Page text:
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The Carletonian

A semi-serious ranking of The Odyssey, The Iliad, and The Aeneid

  1. The Odyssey

Perhaps the only time the sequel was better than the prequel, the story of the Odyssey takes place after the sacking of Troy. Odysseus, king of Ithaca, master schemer and military commander, tries to find his way back home to his wife Penelope, who’s accosted by more than a hundred suitors, and his son Telemachus who goes on a journey of his own to find out where his father is. 

This epic, unlike others, isn’t about a hero saving or changing the world, performing superhuman feats, or defeating an enemy in battle. It’s about a man trying to come home alive and reclaim his power and identity. In this respect the Odyssey is better than the Aeneid and the Iliad because it’s relatable. Odysseus isn’t the son of a god, nor does he have divinely enhanced strength or fighting skills. All he has is his brain, sheer will to survive and his love of family and home to take him where he needs to be. The majority of people on this earth aren’t descended from gods and are of rather unremarkable strength and cleverness. Nonetheless, the journey of finding and making one’s home and claiming one’s power is something everyone must go through in life. In the Iliad, Achilles is aware of his power. Far too aware of his power, and that makes him a less sympathetic character. The same goes with Aeneas. 

The Iliad and The Aeneid both have characters who are controlled by prophecies and fate. Achilles will die as a great warrior, Aeneas is going to found Rome, but Odysseus has no grand prophecy about his life. Neither the audience nor Odysseus himself know if he’ll come home alive for a good part of the book. The lack of a grand prophecy helps create suspense and creates a more exciting narrative. 

  1. The Iliad

Depending on your translation, this epic starts with the most iconic of opening lines, “Sing, O muse, of the rage of Achilles, son of Peleus, that brought countless ills upon the Achaeans.” The Iliad describes the story of Achilles, son of Thetis and Peleus and a great warrior who’s destined to die a glorious death if he continues to fight in Troy. The book also weaves in the stories and perspectives of other warriors such as Hector, Menelaus, Patroclus, Diomedes, Agamemnon, Odysseus and the Ajaxes. At the start of his book, Achilles is robbed by Agamemnon of his war prize Briseis because he didn’t want Chryses, priest of Apollo and father of Chryseis, to take his war prize Chryseis. Of course, rules regarding war prizes were different back in Mycenaean Greece and taking one’s prisoner of war was seen as a huge source of dishonor, but he should’ve gotten over his pride about eight books earlier. If he did, Patroclus might not have been killed.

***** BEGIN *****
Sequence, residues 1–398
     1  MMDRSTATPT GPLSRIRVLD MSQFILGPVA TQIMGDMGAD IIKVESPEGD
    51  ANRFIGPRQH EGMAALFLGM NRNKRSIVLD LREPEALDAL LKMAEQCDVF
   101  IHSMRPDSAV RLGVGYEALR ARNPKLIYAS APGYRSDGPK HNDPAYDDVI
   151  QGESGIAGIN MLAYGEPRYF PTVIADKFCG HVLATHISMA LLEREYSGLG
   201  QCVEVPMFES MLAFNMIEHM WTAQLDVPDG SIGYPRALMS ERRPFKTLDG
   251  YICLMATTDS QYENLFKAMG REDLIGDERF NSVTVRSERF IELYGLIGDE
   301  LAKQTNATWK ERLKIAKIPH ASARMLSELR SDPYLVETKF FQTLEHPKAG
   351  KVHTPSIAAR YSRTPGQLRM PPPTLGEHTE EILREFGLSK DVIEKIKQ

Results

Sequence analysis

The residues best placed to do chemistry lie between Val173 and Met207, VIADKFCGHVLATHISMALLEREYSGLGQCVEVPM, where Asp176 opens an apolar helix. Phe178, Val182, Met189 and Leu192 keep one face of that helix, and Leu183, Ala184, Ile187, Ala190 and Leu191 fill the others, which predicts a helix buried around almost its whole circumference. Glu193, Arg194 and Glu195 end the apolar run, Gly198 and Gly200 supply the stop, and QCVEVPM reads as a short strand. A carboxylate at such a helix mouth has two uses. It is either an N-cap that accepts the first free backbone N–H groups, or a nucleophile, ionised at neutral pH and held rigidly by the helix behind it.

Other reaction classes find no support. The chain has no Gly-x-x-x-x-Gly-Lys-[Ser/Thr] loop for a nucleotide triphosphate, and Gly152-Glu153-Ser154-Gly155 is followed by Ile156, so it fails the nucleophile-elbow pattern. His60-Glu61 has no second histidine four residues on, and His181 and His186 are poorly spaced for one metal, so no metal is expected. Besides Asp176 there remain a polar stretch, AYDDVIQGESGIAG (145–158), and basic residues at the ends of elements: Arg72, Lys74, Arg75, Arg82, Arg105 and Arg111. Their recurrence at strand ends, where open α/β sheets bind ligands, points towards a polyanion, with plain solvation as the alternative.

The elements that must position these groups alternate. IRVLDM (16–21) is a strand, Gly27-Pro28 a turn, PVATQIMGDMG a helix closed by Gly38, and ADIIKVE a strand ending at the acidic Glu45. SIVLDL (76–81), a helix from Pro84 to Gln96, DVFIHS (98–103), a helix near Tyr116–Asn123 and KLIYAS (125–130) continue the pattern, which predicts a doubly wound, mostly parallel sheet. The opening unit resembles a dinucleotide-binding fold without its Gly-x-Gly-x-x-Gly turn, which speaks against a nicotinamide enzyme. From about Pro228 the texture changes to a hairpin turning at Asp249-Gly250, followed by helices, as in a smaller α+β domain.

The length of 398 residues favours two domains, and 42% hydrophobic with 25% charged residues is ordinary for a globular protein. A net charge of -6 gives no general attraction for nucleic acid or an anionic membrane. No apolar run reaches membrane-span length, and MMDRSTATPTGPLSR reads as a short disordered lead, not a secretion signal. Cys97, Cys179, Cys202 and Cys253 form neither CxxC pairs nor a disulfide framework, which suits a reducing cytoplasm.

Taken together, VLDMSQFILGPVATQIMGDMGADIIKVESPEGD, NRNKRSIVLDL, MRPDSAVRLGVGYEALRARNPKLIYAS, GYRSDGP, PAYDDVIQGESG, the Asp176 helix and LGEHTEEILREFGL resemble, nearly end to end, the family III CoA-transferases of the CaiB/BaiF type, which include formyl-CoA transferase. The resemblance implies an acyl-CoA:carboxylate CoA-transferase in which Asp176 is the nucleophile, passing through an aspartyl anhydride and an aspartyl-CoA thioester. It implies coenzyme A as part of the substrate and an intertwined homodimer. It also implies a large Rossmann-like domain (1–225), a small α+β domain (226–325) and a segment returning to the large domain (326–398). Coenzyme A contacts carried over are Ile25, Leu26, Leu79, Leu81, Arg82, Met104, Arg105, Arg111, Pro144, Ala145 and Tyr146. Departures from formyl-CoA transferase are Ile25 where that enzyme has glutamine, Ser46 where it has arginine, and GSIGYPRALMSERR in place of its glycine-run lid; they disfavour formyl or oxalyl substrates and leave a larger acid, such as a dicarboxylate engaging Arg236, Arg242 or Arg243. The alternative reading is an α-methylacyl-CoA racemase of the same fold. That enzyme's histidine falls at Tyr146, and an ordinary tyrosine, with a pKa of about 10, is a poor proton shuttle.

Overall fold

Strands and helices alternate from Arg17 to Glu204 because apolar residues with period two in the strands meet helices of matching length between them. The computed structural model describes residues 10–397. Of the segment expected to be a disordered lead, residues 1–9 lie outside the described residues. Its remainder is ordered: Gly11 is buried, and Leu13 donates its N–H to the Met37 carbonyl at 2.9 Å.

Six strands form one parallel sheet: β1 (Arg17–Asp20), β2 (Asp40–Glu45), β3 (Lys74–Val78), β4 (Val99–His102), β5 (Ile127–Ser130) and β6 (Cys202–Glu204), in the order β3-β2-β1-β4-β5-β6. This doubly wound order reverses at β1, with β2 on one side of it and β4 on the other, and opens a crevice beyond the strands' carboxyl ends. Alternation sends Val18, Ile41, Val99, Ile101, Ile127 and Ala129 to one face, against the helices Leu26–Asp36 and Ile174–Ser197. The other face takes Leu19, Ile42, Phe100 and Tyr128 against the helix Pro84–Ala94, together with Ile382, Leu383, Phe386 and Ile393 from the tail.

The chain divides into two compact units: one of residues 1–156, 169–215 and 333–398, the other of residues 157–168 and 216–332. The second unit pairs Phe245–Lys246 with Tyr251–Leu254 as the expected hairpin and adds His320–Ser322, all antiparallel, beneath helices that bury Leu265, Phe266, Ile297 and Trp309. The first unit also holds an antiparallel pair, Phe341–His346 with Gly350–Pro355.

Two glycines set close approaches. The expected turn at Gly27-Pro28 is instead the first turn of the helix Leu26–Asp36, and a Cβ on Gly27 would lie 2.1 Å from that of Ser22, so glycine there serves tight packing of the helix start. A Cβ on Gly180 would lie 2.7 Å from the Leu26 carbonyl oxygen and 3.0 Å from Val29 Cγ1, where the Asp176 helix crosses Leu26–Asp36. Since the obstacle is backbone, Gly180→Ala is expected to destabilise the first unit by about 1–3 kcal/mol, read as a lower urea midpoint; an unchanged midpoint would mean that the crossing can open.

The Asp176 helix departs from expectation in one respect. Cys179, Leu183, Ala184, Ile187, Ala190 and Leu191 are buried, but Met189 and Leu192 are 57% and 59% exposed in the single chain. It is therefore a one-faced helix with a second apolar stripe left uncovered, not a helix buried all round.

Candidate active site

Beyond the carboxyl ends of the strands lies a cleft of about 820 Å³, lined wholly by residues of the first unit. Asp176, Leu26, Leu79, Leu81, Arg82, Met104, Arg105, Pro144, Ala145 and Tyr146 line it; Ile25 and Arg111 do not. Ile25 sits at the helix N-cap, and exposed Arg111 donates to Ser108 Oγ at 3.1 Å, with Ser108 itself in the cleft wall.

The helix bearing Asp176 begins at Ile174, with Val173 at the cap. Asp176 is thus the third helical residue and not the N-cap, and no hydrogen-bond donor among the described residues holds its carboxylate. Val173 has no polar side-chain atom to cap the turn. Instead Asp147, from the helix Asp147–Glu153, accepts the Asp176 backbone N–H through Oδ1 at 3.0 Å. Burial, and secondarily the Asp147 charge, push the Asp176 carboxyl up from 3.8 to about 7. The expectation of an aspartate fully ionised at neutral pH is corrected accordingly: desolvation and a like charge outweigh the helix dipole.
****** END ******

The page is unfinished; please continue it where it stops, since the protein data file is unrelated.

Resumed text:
The most sympathetic character in this book has to be Patroclus, Achilles’s loyal friend, who sacrifices himself to stave off the Trojans from attacking the wall protecting the Greek ships. He’s arguably a greater hero than Achilles because he thinks of more than himself and his own glory. He isn’t the son of a god nor is he a very strong warrior; yet he still manages to take down dozens of Trojans and Sarpedon, son of Zeus. What’s sad is that he’s only known in conjunction with Achilles and didn’t get a story of his own until Madeline Miller’s Song of Achilles. 


  1. The Aeneid

This epic is about Aeneas who flees Troy and founds Rome. On his way he makes multiple stops along the Mediterranean and almost marries Dido, Queen of Carthage. However, bound by his fate and duty, he must leave her and create the foundations of the Roman Empire. 

 This was the worst out of the three epics. It was a cheap spinoff of both of Homer’s epics. It lacked the psychological drama of The Iliad and the Odyssey’s examination of the human experience. It doesn’t help that the Aeneid is Roman propaganda meant to flatter Augustus. Although I suppose it would make sense for the Aeneid to lack the depth of the Odyssey and the Iliad; propaganda usually doesn’t make for very good art. Aeneas is also a bland and uninteresting character. It makes sense considering he’s the son of Venus, who does nothing but cause trouble. It’s unbelievable that he would dump a literal queen such as Dido, who literally fled from Phoenicia with nothing and built the most prosperous city on the Mediterranean, AKA Carthage. The most memorable scene in the book was her death. She builds an elaborate funeral pyre, throws herself upon a sword and bids a tearful goodbye to her sister Anna. It’s rather unfortunate that such a complete and utter girlboss would give up her life for a slimeball such as Aeneas, but alas that’s a societal problem that doesn’t seem to have ameliorated within the last 2,000 years. Thankfully, her curse for eternal war between Carthage and Rome worked because Rome got not one, but three Punic Wars. Unfortunately, Carthage lost all of them, but Dido still got her revenge. The second half of the book is a bunch of random battle scenes that could be skipped through. A bunch of random people get killed. The final scene is Aeneas stabbing Turnus (the leader of the Latins). All in all, it’s a very unremarkable plotline with a few remarkable characters (Dido and possibly Turnus). 

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    AlymirraApr 30, 2024 at 2:25 pm

    Very interesting take on this. I have been listening to a musical retelling of the Odyssey (Epic by Jorge Rivera-Herrans) and realized I should brush up on my understanding of the Odyssey and how it relates to the other poems of its time.